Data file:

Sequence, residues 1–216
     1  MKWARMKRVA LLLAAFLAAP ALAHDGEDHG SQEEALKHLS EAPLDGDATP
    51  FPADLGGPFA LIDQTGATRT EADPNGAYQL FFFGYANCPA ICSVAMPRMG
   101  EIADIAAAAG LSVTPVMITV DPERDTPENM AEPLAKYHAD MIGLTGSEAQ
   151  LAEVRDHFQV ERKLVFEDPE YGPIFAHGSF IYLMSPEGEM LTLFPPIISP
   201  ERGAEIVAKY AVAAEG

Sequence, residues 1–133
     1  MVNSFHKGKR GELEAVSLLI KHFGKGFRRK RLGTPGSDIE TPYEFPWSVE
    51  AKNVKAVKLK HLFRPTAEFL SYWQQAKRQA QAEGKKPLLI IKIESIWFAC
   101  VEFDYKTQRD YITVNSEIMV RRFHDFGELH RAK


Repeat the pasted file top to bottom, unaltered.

Sequence, residues 1–216
     1  MKWARMKRVA LLLAAFLAAP ALAHDGEDHG SQEEALKHLS EAPLDGDATP
    51  FPADLGGPFA LIDQTGATRT EADPNGAYQL FFFGYANCPA ICSVAMPRMG
   101  EIADIAAAAG LSVTPVMITV DPERDTPENM AEPLAKYHAD MIGLTGSEAQ
   151  LAEVRDHFQV ERKLVFEDPE YGPIFAHGSF IYLMSPEGEM LTLFPPIISP
   201  ERGAEIVAKY AVAAEG

Sequence, residues 1–133
     1  MVNSFHKGKR GELEAVSLLI KHFGKGFRRK RLGTPGSDIE TPYEFPWSVE
    51  AKNVKAVKLK HLFRPTAEFL SYWQQAKRQA QAEGKKPLLI IKIESIWFAC
   101  VEFDYKTQRD YITVNSEIMV RRFHDFGELH RAK